-- You get a pass when you’ve called so many great last second plays, which is why there wasn’t much heat on Doc Rivers for his gaffe in Game 2 against the 76ers. With the Celtics down one and the 76ers with the ball with about 28 seconds, the obvious play was to play it out and have maybe four or five seconds left after a miss. Boston had a timeout and Rivers is great calling those plays. But not being in the penalty yet apparently confused the Celtics’ staff since Doug Collins had to foul twice in Game 1 to get into the penalty late to play the foul game and time eventually ran out. Apparently, considering that, Rivers had a baffled Rajon Rondo foul with 14 seconds left, thus then forcing the Celtics to foul and enabling the 76ers to go up three with the free throws. But Rivers has generally been so good most everyone let it pass. That’s why basketball is the greatest game—you have hundreds of decisions like this every game compared to say, four, in any baseball game. … The greatest test of whether you really are about winning may be for Deron Williams this summer with the Pacers, basically having everything but a star, with enough cap room to make Williams a big offer. And though Roy Hibbert has helped put the Pacers potentially in position to beat Miami at 2-2, he is a restricted free agent and also probably moved himself into the eight figure neighborhood. I’ll admit that’s one of the biggest surprises to me as he is one of the most awkward big men I’ve seen. But look what guys like Nene, Marc Gasol and DeAndre Jordan got last season. It’s good to be tall. George Hill also is a free agent and it could mean luxury tax to keep both. But the Pacers could emerge as a true championship contender with Williams. Hey, Williams went to college in Champaign-Urbana. He can’t be that choosy.
-- When I caught up with Jerry Sloan Sunday to talk about his former Bulls teammate, Bob Boozer, he was back home in southern Illinois doing some work around his home and said he was looking to get back into the NBA for one more coaching gig. “I’d like to get back in, but if it doesn’t happen, it doesn’t happen,” said Sloan. He said he’d talked with four or five teams, but there was nothing solid yet. “There’s a lot of competition for those jobs, and rightfully so,” said Sloan. But like when Hubie Brown came back to revitalize the Memphis Grizzlies, someone is missing a chance to hire a great one who still has a lot of energy and knowledge and is nothing but a winner. … Maybe Luol Deng’s Great Britain team can win a medal. The USA team may be further falling apart with Chris Bosh’s abdominal injury and now who knows what’s wrong with Dwyane Wade. Does Kobe Bryant want to try out those knees for another summer? Dwight Howard is gone after back surgery. The U.S. may have pushed too far with the players from 2008, and this could be a tough summer in London depending on who shows up.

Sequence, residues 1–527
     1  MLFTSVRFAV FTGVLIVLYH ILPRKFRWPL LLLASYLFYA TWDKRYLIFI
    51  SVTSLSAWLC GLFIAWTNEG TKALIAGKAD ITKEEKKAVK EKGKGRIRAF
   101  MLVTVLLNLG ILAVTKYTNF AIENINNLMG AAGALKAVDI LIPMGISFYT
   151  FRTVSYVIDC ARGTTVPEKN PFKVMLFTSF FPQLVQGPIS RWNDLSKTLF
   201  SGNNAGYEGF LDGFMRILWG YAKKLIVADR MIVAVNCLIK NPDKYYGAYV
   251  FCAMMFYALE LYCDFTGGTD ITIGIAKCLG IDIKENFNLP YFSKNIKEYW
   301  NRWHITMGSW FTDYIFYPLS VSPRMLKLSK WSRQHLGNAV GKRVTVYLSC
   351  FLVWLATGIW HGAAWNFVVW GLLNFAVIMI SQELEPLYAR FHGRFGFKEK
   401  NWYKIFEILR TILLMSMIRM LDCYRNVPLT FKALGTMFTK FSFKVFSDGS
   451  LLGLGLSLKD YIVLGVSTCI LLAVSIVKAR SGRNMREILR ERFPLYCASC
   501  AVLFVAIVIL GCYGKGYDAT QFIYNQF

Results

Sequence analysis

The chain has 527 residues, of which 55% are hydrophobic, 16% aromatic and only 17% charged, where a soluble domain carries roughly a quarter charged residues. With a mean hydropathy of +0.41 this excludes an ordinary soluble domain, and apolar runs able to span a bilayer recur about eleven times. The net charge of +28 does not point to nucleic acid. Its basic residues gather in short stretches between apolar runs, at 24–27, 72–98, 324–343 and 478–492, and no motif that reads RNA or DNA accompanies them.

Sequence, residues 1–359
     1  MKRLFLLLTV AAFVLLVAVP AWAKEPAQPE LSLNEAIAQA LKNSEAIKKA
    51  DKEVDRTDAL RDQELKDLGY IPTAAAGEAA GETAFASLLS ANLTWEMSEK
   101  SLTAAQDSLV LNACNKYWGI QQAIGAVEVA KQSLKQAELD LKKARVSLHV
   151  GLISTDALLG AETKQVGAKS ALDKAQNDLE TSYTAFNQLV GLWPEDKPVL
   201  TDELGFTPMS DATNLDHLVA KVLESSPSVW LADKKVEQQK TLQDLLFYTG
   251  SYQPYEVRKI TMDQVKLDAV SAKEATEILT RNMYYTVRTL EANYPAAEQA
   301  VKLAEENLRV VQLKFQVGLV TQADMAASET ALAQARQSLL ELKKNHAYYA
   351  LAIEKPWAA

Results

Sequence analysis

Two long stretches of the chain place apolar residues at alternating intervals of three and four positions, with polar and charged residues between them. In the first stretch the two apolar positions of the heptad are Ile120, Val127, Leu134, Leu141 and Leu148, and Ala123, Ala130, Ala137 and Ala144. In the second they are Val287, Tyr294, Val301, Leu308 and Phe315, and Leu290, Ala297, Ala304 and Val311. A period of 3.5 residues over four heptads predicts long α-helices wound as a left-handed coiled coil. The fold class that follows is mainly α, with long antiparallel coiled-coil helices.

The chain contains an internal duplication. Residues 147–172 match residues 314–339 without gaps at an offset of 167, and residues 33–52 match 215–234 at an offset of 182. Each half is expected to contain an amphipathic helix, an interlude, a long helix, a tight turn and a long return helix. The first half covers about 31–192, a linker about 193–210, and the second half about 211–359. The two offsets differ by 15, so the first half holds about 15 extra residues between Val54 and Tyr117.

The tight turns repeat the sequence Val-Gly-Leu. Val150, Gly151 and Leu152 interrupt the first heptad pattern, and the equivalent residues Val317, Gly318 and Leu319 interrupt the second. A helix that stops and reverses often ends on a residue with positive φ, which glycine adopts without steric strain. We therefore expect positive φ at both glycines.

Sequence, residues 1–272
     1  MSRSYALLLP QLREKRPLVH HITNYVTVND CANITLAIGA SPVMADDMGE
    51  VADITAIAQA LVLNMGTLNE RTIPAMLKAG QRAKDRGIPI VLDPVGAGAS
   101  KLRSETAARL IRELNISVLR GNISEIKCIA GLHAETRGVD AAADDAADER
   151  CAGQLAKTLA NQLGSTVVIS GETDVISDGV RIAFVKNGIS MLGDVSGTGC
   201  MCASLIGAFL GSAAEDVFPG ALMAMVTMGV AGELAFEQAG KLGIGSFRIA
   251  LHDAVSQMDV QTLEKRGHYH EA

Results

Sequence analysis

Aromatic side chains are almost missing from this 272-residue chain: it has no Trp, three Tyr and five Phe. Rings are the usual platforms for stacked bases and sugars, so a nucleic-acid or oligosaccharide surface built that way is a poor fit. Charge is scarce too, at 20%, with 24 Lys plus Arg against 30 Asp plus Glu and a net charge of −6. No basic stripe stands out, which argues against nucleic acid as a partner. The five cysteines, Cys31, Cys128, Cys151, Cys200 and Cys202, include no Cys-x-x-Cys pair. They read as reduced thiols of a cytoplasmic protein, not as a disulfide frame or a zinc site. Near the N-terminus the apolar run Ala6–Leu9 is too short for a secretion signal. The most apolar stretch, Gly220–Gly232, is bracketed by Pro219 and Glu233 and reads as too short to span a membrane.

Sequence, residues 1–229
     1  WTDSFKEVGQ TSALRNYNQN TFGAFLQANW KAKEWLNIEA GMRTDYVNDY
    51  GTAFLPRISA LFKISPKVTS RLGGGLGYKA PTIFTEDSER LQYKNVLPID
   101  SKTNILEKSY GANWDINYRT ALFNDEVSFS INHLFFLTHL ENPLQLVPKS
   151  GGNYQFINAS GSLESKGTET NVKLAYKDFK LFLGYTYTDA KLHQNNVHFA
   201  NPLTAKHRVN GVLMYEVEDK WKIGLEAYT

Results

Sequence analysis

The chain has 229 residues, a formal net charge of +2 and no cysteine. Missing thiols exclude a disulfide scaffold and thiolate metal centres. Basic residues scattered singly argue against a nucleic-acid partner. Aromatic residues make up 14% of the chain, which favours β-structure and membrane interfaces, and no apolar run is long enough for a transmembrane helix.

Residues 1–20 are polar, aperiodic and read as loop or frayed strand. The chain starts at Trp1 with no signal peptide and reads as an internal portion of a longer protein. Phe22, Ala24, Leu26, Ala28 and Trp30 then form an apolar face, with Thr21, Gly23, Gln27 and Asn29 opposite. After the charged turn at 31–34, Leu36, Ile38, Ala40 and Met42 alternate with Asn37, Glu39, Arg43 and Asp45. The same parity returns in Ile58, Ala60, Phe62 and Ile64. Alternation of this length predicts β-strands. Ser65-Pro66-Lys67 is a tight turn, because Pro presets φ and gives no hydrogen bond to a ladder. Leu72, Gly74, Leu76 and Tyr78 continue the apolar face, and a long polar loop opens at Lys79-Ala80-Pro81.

-- Dwyane Wade showed in Sunday’s big Miami win that he’s still talented. But he also may be the league’s dirtiest player. I wonder sometimes if he needs that anger management more than Ron Artest. It seems more than coincidence now with Wade injuring so many players, and always after he didn’t get a call or someone made a play against him. There was Wade last year causing Rajon Rondo’s dislocated elbow after a Rondo steal from him. Wade also ran across the floor with a shoulder block into Paul Pierce in that series. There was Wade breaking Kobe’s nose in the All-Star game, of all places, after Kobe put a move on him that froze him and left Wade looking bad. There was Wade throwing Richard Hamilton into the stands in Miami after Hamilton had made some driving plays against him. There was Wade’s body block from behind against Darren Collison in this series after a steal. Wade seems to have for some reason become something of a menace and a cheap shot player and the NBA needs to begin paying attention to the blind shots before someone really gets hurt.